There was no courtroom rhetoric. No judge or jury to
impress. In the spacious book lined study I was the
only witness to Nadesan Satyendra's 'inward looking'
exercise, probing his own mind for a definition of the
ideal society. It was a morning of questions and
answers, the incisive lawyer's mind refusing to skim
the surface or grapple with illusions. Only the hard
cold facts dissected and analysed had some of the
"Don't have an idealism that
disillusions you" says Mr. Satyendra, "you are part of
the whole and the whole is in you and from that
understanding comes an inner strength." The strength
which he attributes to Buddhism, yoga and meditation,
the eastern consciousness that has withered away in
some people. In the western world he sees an entirely
different picture, a consumer society satiated by
materialism constantly pushing outwards.
He doesn't see systems as the answer to
a change in humans. On the contrary, it is the other
way round, You can almost feel the strength in some
humans, he says. Men like Indian philosopher Krishnamurthi. "If the
world was filled with Krishnamurthis there would be no
"It is only when you give, can you
command. Political leaders must give in order to take.
And in that social framework one must understand
oneself to understand society,"
It is the human being that counts in
the final analysis. "Take Gandhi," he says'. "where did his
power come from? It came from the conduct of a man
whose word and deed coincided. That power when
unleashed is unbelievable."
"They tell you that everybody is born
equal, in only one way are we equal, and that is in a
deeply religious sense. There is a divinity in each of
us. Equality in any other sense is just a meaningless
word. It is the jargon of the platform speaker for vote
'The masses are the real
power they tell you. How do you reconcile that
concept with the organisational hierarchy, the
distribution of power? What is the truth?"
He takes a bash at parliamentary
democracy, "In India the dumb millions living below the
poverty line are enjoying the luxury of parliamentary
democracy too. What does it really mean to them?" He
doesn't see it clothing their nakedness or filling
Mr. Satyendra is no idealist. It is the
reality that absorbs him, and he is forever seeking the
answers. Perhaps it was his subconscious rebelling
against the euphoria of his own success that made him
put aside his briefs for awhile, when in 1976 he went
back to Cambridge where he decided that 'success'
was not to be the motivating factor in his life.
He quotes from his favourite authors
and from the latter day philosophers who have
influenced his thinking. He doesn't discount Marx, the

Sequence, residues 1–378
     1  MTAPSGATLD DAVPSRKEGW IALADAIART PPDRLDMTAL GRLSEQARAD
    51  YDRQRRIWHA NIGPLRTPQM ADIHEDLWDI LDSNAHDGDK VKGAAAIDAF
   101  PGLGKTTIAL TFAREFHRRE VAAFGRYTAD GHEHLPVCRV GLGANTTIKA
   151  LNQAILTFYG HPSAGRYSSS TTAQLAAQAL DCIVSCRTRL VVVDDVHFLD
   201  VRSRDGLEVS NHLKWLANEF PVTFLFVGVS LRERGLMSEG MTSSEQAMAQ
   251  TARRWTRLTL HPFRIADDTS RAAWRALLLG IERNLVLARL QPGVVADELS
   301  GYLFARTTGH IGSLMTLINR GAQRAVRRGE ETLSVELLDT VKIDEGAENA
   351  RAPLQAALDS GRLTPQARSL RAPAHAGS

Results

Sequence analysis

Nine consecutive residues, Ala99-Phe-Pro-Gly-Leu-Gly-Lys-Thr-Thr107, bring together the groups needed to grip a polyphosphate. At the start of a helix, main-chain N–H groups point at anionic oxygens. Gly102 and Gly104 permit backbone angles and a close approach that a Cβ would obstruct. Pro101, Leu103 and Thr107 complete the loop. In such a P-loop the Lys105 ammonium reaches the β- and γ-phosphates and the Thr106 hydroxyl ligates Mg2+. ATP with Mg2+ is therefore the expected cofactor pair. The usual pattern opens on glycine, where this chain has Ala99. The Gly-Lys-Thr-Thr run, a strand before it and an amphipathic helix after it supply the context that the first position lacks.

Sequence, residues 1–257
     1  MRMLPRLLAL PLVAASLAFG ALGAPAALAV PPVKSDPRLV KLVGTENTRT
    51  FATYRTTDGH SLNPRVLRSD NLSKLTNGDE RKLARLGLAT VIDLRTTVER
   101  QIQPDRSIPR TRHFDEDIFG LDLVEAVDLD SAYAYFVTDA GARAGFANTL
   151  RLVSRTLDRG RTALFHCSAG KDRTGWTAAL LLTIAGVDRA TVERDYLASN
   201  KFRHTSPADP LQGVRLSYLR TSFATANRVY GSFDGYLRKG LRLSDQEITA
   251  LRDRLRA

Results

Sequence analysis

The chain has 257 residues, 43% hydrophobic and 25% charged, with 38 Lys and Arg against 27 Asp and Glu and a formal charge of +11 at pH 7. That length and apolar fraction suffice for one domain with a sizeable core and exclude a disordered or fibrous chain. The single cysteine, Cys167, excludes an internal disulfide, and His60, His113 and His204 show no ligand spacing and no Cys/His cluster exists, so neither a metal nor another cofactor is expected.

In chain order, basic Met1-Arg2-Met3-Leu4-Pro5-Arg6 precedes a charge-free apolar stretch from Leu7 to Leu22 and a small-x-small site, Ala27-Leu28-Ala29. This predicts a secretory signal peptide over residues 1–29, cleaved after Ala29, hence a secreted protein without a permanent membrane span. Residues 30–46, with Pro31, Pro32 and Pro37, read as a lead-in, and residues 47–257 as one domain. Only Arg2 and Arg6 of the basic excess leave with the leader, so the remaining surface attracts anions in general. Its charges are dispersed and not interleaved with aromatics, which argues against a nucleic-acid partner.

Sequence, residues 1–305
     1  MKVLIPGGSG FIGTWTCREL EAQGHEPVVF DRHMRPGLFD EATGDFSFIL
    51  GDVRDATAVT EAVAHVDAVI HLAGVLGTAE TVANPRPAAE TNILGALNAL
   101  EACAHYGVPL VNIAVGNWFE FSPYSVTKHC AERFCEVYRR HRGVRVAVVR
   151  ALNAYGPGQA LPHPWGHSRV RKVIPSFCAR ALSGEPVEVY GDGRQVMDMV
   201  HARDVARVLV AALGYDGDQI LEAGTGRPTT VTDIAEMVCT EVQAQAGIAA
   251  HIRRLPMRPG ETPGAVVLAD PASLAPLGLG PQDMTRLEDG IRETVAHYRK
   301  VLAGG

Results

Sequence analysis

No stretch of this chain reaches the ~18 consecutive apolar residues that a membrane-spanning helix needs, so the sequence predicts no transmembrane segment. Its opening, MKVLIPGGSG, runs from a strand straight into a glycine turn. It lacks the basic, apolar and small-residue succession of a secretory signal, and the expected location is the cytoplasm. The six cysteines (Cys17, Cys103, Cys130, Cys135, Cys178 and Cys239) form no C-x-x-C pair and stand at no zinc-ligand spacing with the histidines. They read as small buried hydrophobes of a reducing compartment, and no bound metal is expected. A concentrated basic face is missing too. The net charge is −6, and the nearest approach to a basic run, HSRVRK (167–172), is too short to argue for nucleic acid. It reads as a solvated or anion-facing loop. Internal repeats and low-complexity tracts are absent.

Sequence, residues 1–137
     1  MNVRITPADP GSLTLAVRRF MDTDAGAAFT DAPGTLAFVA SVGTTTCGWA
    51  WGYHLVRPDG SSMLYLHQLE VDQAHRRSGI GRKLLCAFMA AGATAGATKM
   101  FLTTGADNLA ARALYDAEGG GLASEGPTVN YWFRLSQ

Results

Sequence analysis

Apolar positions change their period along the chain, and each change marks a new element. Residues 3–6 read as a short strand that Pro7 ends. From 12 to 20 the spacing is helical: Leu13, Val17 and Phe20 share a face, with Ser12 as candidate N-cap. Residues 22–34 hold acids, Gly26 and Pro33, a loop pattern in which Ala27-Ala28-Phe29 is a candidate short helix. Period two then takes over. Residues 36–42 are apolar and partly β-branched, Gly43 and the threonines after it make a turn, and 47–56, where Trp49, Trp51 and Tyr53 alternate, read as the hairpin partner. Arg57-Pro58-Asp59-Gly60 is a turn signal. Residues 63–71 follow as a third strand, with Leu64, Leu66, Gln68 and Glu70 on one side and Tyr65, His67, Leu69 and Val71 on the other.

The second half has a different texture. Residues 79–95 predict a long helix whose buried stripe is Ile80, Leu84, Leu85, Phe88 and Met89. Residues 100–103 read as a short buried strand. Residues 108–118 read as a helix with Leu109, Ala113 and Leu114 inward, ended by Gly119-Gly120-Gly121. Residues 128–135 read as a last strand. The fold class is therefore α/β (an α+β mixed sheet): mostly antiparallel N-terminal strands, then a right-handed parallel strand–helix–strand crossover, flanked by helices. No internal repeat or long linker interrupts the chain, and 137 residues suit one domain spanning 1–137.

able and skilled social scientist. Neither does he
scoff at Freud. He sees
them in the larger framework of the structural changes
in society. It was not what they said that mattered, it
is what guided their lives that interested him.
The evolution of the nation state he considers an
inevitable process in the scheme of things - the only
concrete form in which national feelings could manifest
itself. It has led, he says, to an uneven development
across the world with each nation, at a particular
stage in the evolutionary process, making geography an
important part of the political structure.
"Not all the technology or the 'cross
pollination' of cultural ideas can break down a man's
ingrained nationalism, You have got to live in the
reality of the political structure which is the nation
And then of course there is the
organisation within the nation. But what are we
organising for in the historical context? More and more
people on the same earth with man having to draw from'
the same land for food and for raw material for
industry. "In the context of an increasing population
there is a need for effective management of the
national resources to maximise returns. What it really
underlines is the need for management skills and the
importance of merit. Man freed from land and freed from
capital contributes his skill but it is difficult to
motivate humans on that basis alone"
But who has the answers asks Mr.
Satyendra, "Take the
newspapers. Every headline is an area of
conflict, And when you see the realities of the
jungle you get cynical."
"But the ultimate answer is
no doubt the human being himself. It is he who
fosters the idealism. It is he who fashions it by his
own actions. We can't help finding the outside from
within ourselves. If you are not sure, don't move.
Wait. There is a need for man to check out his own
thinking with his acts. The force he then generates is